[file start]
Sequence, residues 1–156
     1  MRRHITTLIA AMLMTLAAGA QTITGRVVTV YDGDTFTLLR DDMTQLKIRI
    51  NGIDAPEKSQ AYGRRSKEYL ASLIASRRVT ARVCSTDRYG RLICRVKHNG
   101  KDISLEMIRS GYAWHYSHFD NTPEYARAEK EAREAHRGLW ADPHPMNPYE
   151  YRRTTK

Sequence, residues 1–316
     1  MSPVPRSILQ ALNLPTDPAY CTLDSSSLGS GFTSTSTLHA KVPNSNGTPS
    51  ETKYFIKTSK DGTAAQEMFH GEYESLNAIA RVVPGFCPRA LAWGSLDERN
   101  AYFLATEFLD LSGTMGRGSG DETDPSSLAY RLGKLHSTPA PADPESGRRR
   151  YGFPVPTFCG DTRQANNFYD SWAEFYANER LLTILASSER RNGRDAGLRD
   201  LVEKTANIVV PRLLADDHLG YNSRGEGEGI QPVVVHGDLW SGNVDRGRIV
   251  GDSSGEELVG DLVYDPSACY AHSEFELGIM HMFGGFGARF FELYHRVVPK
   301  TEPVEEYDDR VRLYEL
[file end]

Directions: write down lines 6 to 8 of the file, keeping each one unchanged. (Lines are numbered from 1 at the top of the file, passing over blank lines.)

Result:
Sequence, residues 1–316
     1  MSPVPRSILQ ALNLPTDPAY CTLDSSSLGS GFTSTSTLHA KVPNSNGTPS
    51  ETKYFIKTSK DGTAAQEMFH GEYESLNAIA RVVPGFCPRA LAWGSLDERN